Peel the garlic and blend in a blender or mortar. Slowly add all the other ingredients. Aìoli goes great with prawns and other seafood but you can include it with so many dishes and salads.
Tuesday, 3 March 2015
Celeriac is in vogue at present. It's as if it never existed before but now it is rare not to find it popping up in all types of restaurants. I first discovered celeriac when I was a student in search of healthy chips (or crisps as they are called in the UK). I love celeriac roasted or pan fried but today I wanted something extra healthy and very tasty. It is hard to beat this soup for both purposes.
I guess some people can be put off by the very sight of a whole celeriac. To be honest it does look a little intimidating with its rough skin and its wrinkled appearance. Knowing how to cut and prepare it is so important. I will come to that bit later.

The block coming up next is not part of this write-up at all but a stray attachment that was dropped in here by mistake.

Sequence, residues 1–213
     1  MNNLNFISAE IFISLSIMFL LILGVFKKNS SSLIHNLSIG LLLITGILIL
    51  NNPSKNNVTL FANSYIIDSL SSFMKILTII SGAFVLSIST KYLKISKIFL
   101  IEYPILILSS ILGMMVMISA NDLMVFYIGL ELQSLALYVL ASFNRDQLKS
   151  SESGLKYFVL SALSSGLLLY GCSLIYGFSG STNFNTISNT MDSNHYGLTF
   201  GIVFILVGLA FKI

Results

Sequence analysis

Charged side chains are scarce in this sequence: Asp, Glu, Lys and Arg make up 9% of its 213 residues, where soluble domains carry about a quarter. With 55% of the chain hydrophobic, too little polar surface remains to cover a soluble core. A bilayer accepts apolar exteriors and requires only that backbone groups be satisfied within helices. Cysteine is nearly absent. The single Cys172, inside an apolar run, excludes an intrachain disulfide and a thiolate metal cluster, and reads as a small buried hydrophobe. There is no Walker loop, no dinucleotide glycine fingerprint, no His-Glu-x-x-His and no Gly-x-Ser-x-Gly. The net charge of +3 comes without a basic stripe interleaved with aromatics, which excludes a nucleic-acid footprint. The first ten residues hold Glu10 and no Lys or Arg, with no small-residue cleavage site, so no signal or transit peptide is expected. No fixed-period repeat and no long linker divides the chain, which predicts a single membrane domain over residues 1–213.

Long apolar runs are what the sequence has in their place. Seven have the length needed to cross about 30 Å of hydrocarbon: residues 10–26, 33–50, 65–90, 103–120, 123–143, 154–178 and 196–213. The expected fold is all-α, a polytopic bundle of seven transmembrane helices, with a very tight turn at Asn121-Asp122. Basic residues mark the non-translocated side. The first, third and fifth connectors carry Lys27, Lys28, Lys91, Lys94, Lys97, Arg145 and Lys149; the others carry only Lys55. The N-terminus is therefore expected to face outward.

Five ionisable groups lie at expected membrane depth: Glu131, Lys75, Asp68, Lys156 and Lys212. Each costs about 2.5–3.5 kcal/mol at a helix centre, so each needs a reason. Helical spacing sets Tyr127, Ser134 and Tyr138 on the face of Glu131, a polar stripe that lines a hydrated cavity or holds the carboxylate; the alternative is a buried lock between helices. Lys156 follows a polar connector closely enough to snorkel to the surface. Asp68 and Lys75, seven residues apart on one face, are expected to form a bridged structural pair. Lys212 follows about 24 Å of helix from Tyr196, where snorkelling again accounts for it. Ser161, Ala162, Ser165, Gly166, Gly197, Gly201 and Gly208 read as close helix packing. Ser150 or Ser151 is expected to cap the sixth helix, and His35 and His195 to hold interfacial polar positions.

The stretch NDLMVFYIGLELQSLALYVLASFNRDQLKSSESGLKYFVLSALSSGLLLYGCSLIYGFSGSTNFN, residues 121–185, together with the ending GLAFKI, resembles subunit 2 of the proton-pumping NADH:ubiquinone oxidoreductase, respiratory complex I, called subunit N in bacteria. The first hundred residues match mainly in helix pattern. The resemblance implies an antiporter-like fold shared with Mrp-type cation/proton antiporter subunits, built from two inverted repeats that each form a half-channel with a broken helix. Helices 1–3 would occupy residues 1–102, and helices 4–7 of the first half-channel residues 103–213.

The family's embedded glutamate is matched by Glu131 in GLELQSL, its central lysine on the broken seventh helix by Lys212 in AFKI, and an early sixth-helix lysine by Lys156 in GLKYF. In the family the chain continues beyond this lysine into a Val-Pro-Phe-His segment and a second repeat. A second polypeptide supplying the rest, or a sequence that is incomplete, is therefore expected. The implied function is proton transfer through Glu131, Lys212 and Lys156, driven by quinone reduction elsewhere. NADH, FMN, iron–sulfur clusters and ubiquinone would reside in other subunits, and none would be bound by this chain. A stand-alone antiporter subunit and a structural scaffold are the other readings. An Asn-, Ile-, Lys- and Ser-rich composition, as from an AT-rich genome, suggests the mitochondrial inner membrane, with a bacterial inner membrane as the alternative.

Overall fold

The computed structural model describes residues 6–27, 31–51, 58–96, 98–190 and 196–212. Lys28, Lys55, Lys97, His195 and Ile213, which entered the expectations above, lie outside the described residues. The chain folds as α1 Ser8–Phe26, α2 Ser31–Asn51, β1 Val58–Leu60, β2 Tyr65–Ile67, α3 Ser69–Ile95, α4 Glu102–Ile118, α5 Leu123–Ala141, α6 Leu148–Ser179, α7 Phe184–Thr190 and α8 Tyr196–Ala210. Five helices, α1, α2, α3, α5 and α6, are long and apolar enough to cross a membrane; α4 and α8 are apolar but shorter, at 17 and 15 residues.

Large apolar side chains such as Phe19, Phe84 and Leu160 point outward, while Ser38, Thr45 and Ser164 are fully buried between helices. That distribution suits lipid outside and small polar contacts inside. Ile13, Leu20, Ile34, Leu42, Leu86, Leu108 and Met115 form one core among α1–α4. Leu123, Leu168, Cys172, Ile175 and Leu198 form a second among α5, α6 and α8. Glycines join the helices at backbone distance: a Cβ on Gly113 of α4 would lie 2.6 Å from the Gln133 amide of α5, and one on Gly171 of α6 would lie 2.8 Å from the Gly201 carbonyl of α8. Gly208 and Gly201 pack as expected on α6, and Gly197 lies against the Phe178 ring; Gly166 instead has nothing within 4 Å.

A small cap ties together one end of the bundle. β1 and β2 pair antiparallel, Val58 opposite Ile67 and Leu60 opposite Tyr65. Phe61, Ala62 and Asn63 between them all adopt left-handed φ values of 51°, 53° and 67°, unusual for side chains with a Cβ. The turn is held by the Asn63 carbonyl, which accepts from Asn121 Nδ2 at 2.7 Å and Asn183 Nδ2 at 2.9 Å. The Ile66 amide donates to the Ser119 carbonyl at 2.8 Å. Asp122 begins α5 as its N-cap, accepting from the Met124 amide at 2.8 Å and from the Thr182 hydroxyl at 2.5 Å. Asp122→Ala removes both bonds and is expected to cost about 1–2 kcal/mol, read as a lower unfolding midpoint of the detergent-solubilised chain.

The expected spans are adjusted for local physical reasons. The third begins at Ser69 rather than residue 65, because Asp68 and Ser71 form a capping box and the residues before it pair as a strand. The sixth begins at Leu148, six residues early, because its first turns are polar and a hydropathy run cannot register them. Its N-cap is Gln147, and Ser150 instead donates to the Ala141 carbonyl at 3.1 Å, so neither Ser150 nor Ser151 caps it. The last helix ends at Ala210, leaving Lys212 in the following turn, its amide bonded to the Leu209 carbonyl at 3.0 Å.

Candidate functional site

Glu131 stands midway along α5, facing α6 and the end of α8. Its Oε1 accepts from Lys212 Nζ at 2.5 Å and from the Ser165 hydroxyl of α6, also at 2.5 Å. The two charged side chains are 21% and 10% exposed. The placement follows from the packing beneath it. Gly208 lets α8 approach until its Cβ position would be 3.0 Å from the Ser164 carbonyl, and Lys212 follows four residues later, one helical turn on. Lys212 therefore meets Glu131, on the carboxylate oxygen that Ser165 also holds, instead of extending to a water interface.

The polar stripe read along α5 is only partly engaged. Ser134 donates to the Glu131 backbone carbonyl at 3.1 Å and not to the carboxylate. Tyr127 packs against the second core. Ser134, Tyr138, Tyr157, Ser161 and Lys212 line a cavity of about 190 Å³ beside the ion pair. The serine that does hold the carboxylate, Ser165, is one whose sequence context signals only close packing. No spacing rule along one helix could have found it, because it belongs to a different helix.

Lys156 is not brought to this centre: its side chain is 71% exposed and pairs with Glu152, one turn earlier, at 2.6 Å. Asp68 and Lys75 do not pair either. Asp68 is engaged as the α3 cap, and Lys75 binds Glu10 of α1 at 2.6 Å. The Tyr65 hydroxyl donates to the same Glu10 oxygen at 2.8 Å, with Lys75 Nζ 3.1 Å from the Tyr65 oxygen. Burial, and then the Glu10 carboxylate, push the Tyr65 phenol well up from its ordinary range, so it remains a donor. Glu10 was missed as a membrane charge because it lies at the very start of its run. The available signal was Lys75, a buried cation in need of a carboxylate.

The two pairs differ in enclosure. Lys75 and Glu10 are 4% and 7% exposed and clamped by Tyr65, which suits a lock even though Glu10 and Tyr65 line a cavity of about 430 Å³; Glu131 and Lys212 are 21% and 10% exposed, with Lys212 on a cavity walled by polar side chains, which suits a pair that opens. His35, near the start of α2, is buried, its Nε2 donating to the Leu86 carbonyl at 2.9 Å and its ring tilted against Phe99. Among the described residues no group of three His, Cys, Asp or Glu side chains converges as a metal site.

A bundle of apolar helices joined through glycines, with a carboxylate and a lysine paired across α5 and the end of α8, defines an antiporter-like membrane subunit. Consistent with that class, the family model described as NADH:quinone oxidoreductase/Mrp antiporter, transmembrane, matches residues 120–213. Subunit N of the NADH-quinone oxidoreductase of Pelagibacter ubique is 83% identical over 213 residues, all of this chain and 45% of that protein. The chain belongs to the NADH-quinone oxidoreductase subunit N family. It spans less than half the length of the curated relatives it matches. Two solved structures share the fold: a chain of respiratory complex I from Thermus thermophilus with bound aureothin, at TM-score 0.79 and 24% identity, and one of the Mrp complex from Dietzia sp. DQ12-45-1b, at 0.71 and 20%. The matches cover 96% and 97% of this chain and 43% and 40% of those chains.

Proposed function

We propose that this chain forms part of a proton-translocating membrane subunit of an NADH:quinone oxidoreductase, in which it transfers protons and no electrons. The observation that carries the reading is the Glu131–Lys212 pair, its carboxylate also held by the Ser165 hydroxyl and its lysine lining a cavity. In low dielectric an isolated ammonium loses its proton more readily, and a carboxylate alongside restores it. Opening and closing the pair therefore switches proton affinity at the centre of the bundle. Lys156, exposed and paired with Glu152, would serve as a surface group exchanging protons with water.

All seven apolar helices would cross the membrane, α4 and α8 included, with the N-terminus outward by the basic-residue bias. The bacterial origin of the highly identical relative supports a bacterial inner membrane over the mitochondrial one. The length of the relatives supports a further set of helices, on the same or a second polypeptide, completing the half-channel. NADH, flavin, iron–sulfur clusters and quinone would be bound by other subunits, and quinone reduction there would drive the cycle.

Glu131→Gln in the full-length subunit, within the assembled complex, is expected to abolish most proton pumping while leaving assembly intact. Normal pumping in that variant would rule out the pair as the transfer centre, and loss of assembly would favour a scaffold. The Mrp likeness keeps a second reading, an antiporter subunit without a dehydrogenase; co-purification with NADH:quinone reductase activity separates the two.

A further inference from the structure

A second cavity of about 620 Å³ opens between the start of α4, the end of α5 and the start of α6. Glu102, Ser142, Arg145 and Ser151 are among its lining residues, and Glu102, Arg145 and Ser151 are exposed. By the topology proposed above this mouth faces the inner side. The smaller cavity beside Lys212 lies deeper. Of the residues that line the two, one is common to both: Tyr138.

3 cups of home made chicken stock
1 bunch of fresh watercress (keep a little over to dress your soup later)
3 shallots cut small
1 onion cut small
1 leek cut small
2 garlic segments (roasted if you can)
15g grated Parmesan
Kettle of boiling water
Sea salt and black pepper to season
In a large soup sauspan add a little oil and fry all the onions, leek and garlic until soft and translucent. Add the chicken stock to the saucepan. While the onions are cooking, cut up the celeriac. The best way to do this is first cut the celeriac in half and then place the cut side down on the cutting board and using a large vegetable knife, slowly remove the skin as you move the vegetable around as in the photo below: